The Notebook

“Now where is that damn notebook?”  I muttered to myself, frustrated.

I was in what had been serving as Dawn and her children’s bedroom, formerly Zach’s bedroom.  She’d been with me for the better part of a month, and my nerves were starting to fray.  I’d been happy to welcome her and her two children into my home after she started having trouble with her husband, and for the first week or two, things were fantastic.  I’d come home to find the house cleaned, the dinner made and the groceries supplemented by Dawn.  Dawn was going to school but wasn’t in classes this term, so she had her days free to watch the children and be my housewife.

But it didn’t take long for little things to start to bother me.   Her children, who didn’t have to go to daycare at the crack of dawn like mine, would stay up late and keep my son awake.  Or Dawn would spend too much time on the phone with this friend or that friend, running up my long distance bill.   She would use my computer and fire up my new “America Online” at all hours, meeting strangers and giving them my home phone number.  I was starting to get that “in the tunnel” feeling about the whole situation, and had wondered aloud when Dawn would be finding a place more permanent than my spare bedroom.

Which is why I was blissfully alone in the house today, save Zachary.  Dawn’s husband had taken her children for the weekend, and she was out looking at apartments that would take public funding.   She had called, asking me to find the notebook with the address of the place she was looking at today; she must have written it down wrong on her slip of paper because there was no such address on the street she’d just looked at.   She was standing at a pay phone, waiting for me to return her call while I found it.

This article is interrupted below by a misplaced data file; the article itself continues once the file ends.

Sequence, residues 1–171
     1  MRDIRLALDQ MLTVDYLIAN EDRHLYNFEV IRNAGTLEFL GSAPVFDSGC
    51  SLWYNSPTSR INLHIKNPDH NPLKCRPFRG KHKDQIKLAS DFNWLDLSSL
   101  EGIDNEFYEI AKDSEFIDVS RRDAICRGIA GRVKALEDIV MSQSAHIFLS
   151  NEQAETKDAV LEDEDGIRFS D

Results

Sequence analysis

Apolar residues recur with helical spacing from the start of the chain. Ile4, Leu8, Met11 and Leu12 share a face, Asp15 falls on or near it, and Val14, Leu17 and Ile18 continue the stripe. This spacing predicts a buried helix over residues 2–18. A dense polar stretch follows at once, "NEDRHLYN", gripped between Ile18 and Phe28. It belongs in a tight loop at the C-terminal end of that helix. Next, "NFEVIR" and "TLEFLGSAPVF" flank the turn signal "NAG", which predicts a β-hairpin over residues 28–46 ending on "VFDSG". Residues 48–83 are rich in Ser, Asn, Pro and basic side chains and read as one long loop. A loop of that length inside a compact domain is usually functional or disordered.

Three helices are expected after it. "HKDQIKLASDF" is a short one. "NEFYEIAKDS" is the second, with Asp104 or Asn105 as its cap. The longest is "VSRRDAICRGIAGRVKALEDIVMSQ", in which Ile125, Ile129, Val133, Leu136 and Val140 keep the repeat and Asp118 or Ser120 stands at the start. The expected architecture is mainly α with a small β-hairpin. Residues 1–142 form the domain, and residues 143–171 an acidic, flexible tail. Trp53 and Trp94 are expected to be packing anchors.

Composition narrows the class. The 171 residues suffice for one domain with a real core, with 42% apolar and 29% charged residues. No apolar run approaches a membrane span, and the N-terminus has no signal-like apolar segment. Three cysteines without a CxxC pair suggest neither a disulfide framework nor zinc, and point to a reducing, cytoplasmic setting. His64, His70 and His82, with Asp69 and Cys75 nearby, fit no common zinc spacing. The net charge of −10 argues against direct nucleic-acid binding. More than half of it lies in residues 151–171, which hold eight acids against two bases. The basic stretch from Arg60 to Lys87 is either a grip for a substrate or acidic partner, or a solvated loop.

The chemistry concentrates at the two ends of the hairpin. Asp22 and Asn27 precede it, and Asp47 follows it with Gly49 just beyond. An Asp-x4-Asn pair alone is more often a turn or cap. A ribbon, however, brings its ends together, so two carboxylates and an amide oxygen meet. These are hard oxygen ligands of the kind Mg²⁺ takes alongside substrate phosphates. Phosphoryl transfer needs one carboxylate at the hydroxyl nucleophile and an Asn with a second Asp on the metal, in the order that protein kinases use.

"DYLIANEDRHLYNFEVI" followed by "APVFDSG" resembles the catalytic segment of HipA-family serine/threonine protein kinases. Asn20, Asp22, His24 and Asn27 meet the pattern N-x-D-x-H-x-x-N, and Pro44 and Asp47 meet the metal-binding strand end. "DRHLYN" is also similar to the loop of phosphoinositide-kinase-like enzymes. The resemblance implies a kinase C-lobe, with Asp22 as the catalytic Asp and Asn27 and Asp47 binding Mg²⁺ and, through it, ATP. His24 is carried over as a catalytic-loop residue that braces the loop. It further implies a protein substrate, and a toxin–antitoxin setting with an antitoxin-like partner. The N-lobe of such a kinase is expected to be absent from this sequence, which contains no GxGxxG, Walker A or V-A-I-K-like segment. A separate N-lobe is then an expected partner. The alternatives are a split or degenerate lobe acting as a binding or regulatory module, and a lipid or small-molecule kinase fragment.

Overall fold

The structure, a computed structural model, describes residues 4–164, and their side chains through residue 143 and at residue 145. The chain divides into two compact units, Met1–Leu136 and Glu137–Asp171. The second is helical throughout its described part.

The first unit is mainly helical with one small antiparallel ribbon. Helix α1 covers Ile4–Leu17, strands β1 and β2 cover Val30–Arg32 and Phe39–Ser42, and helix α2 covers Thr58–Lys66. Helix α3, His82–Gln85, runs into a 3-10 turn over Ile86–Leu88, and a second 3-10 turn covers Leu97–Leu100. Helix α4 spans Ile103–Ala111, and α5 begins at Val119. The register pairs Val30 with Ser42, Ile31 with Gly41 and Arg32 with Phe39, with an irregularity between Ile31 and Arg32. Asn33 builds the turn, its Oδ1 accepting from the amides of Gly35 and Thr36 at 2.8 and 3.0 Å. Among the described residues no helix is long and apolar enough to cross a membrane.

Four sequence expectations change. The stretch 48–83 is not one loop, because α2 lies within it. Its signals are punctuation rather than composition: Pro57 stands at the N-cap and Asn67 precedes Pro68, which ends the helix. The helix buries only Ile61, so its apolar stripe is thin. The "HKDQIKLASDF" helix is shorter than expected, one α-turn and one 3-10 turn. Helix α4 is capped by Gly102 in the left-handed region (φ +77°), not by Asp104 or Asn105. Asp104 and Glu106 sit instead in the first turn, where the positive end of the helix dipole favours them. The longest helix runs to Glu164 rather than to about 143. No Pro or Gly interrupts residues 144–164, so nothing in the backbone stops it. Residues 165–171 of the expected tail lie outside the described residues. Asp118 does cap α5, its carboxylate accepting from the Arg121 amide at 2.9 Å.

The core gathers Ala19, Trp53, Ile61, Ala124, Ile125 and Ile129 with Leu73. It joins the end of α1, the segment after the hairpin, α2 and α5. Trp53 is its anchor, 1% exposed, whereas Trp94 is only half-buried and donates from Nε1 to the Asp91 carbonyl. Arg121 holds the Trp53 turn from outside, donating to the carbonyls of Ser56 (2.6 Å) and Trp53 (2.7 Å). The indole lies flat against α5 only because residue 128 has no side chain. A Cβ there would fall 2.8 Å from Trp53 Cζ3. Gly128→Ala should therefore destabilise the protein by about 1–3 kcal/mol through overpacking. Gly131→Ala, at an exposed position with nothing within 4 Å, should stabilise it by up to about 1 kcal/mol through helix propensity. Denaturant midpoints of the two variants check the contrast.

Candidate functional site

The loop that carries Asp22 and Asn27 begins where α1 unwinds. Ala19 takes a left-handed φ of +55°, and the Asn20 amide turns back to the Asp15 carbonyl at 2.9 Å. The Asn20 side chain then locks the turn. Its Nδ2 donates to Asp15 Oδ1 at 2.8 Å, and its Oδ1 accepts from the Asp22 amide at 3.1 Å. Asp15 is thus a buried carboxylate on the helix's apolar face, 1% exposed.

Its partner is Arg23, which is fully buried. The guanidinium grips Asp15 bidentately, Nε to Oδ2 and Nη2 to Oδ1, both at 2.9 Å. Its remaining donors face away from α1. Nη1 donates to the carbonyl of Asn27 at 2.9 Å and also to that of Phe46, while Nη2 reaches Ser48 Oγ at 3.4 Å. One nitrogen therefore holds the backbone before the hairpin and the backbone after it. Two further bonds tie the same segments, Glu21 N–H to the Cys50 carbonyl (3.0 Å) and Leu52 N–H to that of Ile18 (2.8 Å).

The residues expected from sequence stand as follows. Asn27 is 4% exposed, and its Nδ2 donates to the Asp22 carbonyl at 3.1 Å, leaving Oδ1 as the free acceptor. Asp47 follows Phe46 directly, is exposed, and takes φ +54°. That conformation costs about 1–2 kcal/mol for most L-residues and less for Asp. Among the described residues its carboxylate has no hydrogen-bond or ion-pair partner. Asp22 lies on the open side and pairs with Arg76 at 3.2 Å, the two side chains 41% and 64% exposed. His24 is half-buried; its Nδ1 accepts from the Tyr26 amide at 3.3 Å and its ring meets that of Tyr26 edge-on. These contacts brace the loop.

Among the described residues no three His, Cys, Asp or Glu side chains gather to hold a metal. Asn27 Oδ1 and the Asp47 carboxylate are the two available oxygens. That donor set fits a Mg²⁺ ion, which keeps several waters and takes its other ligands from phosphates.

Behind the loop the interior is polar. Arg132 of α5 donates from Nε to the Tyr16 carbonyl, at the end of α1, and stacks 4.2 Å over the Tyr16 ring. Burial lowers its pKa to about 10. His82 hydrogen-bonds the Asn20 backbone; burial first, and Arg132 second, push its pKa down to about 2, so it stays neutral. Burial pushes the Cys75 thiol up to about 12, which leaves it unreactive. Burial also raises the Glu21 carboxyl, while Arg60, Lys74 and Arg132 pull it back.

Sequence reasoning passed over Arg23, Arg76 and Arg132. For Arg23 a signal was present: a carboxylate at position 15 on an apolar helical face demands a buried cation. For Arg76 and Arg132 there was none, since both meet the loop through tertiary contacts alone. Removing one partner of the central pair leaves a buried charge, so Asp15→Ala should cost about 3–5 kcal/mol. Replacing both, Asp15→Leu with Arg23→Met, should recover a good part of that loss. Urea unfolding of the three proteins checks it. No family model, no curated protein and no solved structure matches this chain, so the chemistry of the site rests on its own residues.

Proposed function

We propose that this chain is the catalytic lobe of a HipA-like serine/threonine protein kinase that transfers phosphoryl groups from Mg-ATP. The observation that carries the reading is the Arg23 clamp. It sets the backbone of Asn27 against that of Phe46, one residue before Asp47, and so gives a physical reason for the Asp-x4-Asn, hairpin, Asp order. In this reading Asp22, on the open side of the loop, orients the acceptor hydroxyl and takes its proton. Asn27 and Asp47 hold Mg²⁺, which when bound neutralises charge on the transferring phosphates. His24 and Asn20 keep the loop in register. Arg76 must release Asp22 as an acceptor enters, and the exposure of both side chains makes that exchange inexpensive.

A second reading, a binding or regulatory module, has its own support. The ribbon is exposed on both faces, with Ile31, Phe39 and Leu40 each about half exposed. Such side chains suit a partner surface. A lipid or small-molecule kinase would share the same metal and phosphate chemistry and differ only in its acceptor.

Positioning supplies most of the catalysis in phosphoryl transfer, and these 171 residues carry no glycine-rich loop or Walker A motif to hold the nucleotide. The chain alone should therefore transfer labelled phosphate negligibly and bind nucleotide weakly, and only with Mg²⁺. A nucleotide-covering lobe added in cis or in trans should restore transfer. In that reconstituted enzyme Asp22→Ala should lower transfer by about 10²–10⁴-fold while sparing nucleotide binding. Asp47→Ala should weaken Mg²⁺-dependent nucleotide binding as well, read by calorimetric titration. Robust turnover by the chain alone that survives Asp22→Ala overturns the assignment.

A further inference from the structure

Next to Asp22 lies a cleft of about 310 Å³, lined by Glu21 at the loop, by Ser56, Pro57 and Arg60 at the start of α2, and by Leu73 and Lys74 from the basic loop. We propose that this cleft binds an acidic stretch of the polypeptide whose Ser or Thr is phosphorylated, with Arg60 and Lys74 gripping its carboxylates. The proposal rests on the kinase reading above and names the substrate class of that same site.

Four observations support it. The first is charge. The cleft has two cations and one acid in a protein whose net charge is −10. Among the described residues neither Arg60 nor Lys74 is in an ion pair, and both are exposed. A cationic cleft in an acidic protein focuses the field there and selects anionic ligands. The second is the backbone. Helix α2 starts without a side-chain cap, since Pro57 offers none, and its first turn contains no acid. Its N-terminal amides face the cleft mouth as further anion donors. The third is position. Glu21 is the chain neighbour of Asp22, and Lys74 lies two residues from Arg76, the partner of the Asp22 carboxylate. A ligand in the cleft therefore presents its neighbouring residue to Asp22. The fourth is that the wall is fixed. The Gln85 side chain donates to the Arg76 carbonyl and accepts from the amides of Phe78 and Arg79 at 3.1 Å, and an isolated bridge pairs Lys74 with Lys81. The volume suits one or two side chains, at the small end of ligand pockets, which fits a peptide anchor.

She thought she might have left it on her dresser, but I couldn’t find it anywhere.  She said if it wasn’t there to try the top drawer, so I started digging.  Sure enough, there was the notebook.  Where was the number?  I started flipping through pages upon pages of handwritten words, stories and doodles; a name popped out at me:  “RAY”.  My heart skipped a beat.  Was Dawn writing about me and Ray without telling me?  I looked to the sentence:  “And so Ray strummed his guitar, looking intently at the strings as if they would take away the tension between us.”

I nearly dropped the notebook, and had completely forgotten the task at hand.

Before I could go any further, I made myself find the number and call Dawn back; she was waiting.  I read off the address to her breathlessly, hearing her curse as she realized she was a good two miles away from the right address.  She thanked me and I quickly returned to the notebook as I hung up the phone.

“And while my best friend slept upstairs, I found myself unzipping her ex fiance’s pants, eager and willing to give him what she would not.”

I must have gasped too loudly because I could hear Zachary in the next room.  “Mommy, is everything all right?”

“S-s-sure, honey, everything is…fine…” I trailed off as my eyes transfixed themselves to the page.  I continued to read the marvelously detailed story of how two weeks ago, when Ray had spent the night after his guest speaking stint at my school, he and Dawn had fooled around on my living room floor while I went to bed early to make sure I would be on my game at school.

I shouldn’t be upset at this, I told myself.  I mean, after all, I wasn’t dating Ray anymore.  He wasn’t my fiance any more.  Truth be told, he was separated from his wife and she was the person with legitimate claim to Pissed Offness.   But somehow, I still felt like both of them had thrown away a piece of the trust I’d given them.   Dawn had been my best friend all during high school and college when I’d dated Ray; she knew first hand how tortured my feelings had been for him.  She’d been the one who had encouraged me to call him after he’d left me for weeks on end with an engagement ring but no contact.  Of any person on Earth, it was Dawn who should have known that I would be conflicted to hear about him with anyone, much less my best friend.  Who was also married, but separated.  And living with me.

I reread the short story one more time and then tucked the notebook back in Dawn’s dresser.   She would realize, later, that she’d sent me to find that story.  Maybe she already did; maybe this was her way of telling me without having to do it face to face.

I didn’t know what to think, or say, or feel.    I only knew one thing for sure:  I felt betrayed, whether I had a right to or not.


One Response

  1. I do think you had a right to feel betrayed. I’m a little shocked that she had the poor taste to pen such a thing while living in your home.

    And, happy blogaversary to you!

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